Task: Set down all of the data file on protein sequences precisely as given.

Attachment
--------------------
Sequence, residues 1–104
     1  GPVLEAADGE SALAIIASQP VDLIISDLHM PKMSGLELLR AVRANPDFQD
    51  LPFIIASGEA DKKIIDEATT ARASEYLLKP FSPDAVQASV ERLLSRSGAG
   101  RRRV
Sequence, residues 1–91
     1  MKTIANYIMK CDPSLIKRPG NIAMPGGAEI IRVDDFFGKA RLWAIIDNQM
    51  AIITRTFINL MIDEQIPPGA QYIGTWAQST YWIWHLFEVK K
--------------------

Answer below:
Sequence, residues 1–104
     1  GPVLEAADGE SALAIIASQP VDLIISDLHM PKMSGLELLR AVRANPDFQD
    51  LPFIIASGEA DKKIIDEATT ARASEYLLKP FSPDAVQASV ERLLSRSGAG
   101  RRRV
Sequence, residues 1–91
     1  MKTIANYIMK CDPSLIKRPG NIAMPGGAEI IRVDDFFGKA RLWAIIDNQM
    51  AIITRTFINL MIDEQIPPGA QYIGTWAQST YWIWHLFEVK K